Why a thorn bush? What makes a Sneh so special? Why does the manifestation of God’s presence come to Moshe our teacher in a thorn bush?
Now, maybe that is a klutz kasha, a clumsy question. The paradigmatic clumsy question, a kashe fun a maaseh, a question from an incident. It happened that way. It happened to happen that way.
Actually, I do not know why a kasha fun a maaseh equals a clumsy question. Perhaps someone will explain that to me someday.
But the thorn bush is not just a case of “it happened to happen that way.” If God appeared to Moshe our teacher in a thorn bush, the Master of the Universe certainly intended something. Furthermore, the thorn bush appears in the written record of the incident: that makes it a literary symbol. By every literary theory, we expect symbols to be overdetermined, to be polyvalent, or, without the fancy terminology, to make sense in nearly every way we look at them.
So what did the ancient rabbis make of the thorn bush?
I went browsing through the Torah Sheleimah to find out. That work collects nearly every scrap of material from the early rabbis, organized according to the verses in the Torah mentioned in each scrap, each scrap bound up with its variant texts, including explanatory notes, all by Rabbi Menahem Kasher (1895-1983); Rabbi Kasher published this work for four of the five books. After his death, his successors have added volumes for the beginning of Devarim.
What did I find?
A non-Jew asked Rabbi Yehoshua ben Korha, “Why did God see fit to speak to Moshe from a thorn bush?”
He said to him: “If he had spoken to him from a carob tree or a fig tree, you would have asked me the same question” (That amounts to calling this a klutz kasha.) But it is not possible to leave you with a blank answer, why from a thorn bush? To teach you that there is no place empty of his presence, not even a thorn bush (Shemot Rabbah 81:9).
If God had spoken to him from a fruit tree, one might declare him the God of all productive or good things, and declare the rest of space godforsaken, even the domain of some other power. Therefore the thorn bush teaches us something about God.
Rabbi Yehoshua says: Why did God reveal himself to Moshe from the midst of a thorn bush? Because as long as Israel was in pain, it was as if God had pain before him, as it says “In all their pains, it was painful for him” (Isaiah 63:9) and “I am with him in pain” (Psalm 91:15). (Mekhilta deRabbi Shimon bar Yohai 2a).
Again, the thorn bush teaches us about God, who has empathy for Israel in its time of trouble.
Rabbi Elazar says . . . because the thorn bush is the lowliest of the trees in the world, to teach us that Israel had descended, at that time, to the lowest possible level, and God descended to rescue them, as it says, “And I descended to rescue them” (Lev. 23:40). (Mekhilta Shemot).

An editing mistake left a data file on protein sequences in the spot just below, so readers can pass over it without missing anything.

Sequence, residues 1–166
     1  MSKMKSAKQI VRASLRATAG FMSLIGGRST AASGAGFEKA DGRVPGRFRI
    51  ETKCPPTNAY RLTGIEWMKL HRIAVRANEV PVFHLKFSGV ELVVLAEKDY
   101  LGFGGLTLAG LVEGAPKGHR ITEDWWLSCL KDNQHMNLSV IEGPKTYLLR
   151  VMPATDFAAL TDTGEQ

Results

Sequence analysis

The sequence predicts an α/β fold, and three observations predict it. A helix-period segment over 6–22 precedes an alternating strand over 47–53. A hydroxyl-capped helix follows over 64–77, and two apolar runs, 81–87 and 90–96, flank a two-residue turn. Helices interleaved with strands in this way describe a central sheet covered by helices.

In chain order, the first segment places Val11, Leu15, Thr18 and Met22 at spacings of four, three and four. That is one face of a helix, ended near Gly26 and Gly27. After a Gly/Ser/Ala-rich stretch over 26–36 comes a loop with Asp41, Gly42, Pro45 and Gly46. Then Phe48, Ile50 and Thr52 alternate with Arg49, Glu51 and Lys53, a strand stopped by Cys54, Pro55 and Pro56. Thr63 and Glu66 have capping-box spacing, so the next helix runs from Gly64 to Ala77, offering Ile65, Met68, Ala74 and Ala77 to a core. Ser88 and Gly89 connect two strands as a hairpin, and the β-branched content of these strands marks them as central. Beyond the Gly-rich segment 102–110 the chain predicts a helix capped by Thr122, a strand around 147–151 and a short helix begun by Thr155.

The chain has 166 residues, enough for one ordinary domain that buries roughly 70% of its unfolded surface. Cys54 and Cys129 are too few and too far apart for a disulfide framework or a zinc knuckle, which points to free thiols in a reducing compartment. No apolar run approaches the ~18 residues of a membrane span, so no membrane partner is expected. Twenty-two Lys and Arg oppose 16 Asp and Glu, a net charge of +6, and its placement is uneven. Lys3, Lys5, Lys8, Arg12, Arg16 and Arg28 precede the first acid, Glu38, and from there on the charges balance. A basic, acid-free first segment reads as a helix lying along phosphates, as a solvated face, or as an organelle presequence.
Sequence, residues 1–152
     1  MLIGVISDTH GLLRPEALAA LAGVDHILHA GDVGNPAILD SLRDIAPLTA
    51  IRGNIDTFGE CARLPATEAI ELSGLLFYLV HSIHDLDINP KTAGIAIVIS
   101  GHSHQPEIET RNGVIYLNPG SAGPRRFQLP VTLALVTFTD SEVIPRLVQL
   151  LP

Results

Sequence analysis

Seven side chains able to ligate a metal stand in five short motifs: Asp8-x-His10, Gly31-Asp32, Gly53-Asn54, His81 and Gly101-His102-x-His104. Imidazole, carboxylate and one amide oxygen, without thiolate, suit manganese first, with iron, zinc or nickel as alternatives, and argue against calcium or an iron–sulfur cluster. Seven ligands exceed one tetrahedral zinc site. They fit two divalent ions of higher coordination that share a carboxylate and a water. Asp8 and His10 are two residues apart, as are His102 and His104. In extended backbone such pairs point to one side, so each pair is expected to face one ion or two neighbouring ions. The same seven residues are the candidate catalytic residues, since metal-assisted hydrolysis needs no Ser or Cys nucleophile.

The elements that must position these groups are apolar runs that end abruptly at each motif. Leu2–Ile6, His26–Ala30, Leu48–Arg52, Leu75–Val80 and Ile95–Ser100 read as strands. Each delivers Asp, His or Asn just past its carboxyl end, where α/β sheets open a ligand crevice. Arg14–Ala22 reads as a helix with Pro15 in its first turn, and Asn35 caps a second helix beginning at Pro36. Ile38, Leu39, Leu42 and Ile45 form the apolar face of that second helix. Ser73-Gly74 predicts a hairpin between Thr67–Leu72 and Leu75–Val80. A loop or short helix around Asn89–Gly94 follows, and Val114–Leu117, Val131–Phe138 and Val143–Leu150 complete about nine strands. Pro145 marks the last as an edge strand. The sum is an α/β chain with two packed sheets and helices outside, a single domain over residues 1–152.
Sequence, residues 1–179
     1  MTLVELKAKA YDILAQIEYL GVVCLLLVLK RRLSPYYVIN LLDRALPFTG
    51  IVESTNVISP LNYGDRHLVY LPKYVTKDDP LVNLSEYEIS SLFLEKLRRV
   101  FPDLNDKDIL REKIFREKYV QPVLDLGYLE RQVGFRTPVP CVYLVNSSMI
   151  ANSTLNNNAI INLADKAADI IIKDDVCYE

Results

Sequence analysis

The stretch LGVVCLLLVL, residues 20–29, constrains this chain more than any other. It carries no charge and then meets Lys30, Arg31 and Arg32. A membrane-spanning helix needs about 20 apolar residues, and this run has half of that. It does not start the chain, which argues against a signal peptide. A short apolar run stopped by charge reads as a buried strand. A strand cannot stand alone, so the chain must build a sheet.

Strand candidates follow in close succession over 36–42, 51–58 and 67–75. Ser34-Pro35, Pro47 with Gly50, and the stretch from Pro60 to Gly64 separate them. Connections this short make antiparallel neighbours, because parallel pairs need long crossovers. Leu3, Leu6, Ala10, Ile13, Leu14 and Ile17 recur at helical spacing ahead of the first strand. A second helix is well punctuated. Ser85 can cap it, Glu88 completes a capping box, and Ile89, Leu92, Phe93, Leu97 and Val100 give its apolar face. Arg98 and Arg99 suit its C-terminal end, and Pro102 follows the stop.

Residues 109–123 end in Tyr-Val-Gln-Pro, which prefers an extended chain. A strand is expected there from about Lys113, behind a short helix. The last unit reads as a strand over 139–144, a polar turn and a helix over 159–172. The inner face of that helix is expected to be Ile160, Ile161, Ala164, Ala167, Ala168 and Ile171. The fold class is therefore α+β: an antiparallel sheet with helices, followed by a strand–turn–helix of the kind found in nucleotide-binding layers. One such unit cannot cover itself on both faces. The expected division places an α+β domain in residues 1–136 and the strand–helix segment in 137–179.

The thorn bush also teaches us about the children of Israel.
Pinhas the Cohen, son of Rabbi Hama: Consider the thorn bush! When a person puts his hand into the thorn bush, he does not notice. When he takes his hand out of the thorn bush, it gets scratched. So too, Israel, when it went down to Egypt, not a creature noticed. It came out of Egypt with signs, wonders and war (Shemot Rabbah 81:9).
The thorn bush teaches us about the exodus from Egypt.
From the thorn bush: just as the thorn bush grows on any water, so Israel grows only by the merit of the Torah, which is called “water,” as it says, “Oh, all who are thirsty, come and drink water” (Isaiah 54:1). (Shemot Rabbah 82:9).
This and much more appears collected in Torah Sheleimah.
To which I add: the thorn bush teaches us about the children of Israel. We are never destined to be the most lofty, glorious, and powerful of nations (Deut. 7:7). We always appear small, possibly even nasty, like a thorn bush, and endangered by flames. But we are not consumed. The flames do not cease, but they may indicate the divine presence.
And the thorn bush teaches us about Moshe our teacher. Moshe went out of his way to inspect the burning bush. He said “I will turn aside and see this great sight: Why is this thorn bush not consumed?” (Exodus 3:3). He had intellectual curiosity. I have suggested in a previous talk that perhaps Moshe was not the first person to see this mysterious burning thorn bush. Perhaps some other people just walked past the burning bush, thinking it no concern of theirs, or having no interest. Moshe qualifies as our leader, in part, because he wants to understand.
Moshe our teacher resembles the thorn bush. In his own estimation, he does not feel adequate to the task of taking Israel out of Egypt. He is “the most humble of men” (Numbers 12:3). The task takes him so far out of his comfort zone that he argues with God to choose someone else.
This teaches us about leadership: the best leader we ever had did not feel entitled.
The thorn bush works as a polyvalent symbol. Look at the thorn bush as a symbol of God, of slavery in Egypt, of the Exodus, of the leadership of Moshe our teacher, of the conditions of the survival of the Jewish people – however we look at the thorn bush, we find the symbol evocative.